Module 2: Founders, Team & Financial modeling

In the second module we got into some serious financial modelling, we deepened our pitch practice, and analysed the team roles needed to grow our companies.

How does an investor look at your financials?

“It’s a ‘sanity check’ “, says Helmer Schukken, who kicked off our financial modelling work session. He shows us how he looks at financial figures as an investor at Social Impact Ventures, and he makes this concrete by analysing the financial models of 2 of the 10 ventures in front of the group. We continued with peer-due diligence exercise to get insight into each other’s financial assumptions. A valuable exercise, because looking at another ventures financials makes you realise how they look at yours!


The reasons behind ‘best pitch practices’

Pitching is practising, and we did during the workshop with David Beckett (pitch coach at TEDx Amsterdam among others). But we also got to understand the reasons behind his advice. So why apply the ‘Rule of 3‘, and why learn the first 60 seconds of your pitch. In short, many of it has to do with understanding how the listener processes information, as well as what actually happens with you (your body, your brain) when you pitch. We can’t go into detail here, but we highly recommend you to join his workshops. Oh well, one tip: never start a pitch with a “thank you for inviting me, bla bla…”, get straight to the point “I am David Beckett and I am a pitch coach”.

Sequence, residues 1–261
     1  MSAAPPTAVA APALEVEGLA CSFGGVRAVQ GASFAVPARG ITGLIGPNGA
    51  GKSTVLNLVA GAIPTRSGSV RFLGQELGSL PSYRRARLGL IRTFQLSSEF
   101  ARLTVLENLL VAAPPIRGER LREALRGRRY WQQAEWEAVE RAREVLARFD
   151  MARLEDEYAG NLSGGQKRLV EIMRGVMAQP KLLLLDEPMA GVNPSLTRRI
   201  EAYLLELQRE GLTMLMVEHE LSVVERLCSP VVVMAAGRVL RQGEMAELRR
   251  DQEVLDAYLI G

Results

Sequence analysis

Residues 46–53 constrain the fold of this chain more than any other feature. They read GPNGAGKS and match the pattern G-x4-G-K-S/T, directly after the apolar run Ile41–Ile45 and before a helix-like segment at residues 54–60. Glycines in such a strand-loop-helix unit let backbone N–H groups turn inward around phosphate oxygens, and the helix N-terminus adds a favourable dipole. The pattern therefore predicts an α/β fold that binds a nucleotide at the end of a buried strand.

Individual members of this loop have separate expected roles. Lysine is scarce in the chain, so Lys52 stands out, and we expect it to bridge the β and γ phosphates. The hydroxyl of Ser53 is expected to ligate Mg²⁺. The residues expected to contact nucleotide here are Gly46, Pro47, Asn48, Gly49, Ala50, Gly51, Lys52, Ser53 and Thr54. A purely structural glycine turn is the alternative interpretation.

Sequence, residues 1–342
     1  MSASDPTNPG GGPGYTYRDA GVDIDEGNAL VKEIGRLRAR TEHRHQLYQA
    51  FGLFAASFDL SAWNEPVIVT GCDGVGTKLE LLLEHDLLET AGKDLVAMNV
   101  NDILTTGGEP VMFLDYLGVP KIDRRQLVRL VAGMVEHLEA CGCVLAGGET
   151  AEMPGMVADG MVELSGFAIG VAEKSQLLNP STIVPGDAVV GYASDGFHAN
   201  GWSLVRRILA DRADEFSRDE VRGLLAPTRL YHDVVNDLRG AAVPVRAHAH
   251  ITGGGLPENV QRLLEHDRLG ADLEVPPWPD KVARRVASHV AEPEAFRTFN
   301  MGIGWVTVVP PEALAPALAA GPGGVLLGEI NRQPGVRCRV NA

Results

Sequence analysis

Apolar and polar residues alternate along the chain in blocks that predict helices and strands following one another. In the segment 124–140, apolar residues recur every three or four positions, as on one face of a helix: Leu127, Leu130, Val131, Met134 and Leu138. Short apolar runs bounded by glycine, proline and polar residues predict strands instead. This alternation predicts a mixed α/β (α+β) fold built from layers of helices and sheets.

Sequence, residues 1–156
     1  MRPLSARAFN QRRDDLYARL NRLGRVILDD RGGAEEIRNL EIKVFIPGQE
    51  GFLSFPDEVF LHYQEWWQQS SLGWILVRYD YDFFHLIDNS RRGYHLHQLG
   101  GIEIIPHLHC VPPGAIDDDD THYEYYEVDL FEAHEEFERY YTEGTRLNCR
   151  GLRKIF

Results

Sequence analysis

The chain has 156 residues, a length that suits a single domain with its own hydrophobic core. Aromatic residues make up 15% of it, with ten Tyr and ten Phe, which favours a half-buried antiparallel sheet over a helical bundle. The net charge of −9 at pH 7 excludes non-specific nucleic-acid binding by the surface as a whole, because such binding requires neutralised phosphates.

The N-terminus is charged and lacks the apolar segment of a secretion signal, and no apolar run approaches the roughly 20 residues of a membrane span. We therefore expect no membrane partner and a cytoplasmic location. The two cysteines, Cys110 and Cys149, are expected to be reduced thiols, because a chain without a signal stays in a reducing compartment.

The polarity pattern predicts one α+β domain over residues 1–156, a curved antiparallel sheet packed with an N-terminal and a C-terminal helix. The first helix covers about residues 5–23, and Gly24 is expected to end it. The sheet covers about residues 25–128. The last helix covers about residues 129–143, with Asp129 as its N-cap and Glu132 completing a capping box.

What does your team need in order to grow?

The team is an important item for investors. Not only do they look at your skills and experience, but more importantly they want to know whether you have been able to tackle some serious challenges together and make things work in tough times. The team you have as a startup might not be the right team for your next growth step. In a workshop with Scafander we gained insight in our own roles and into what is lacking to make the next growth step.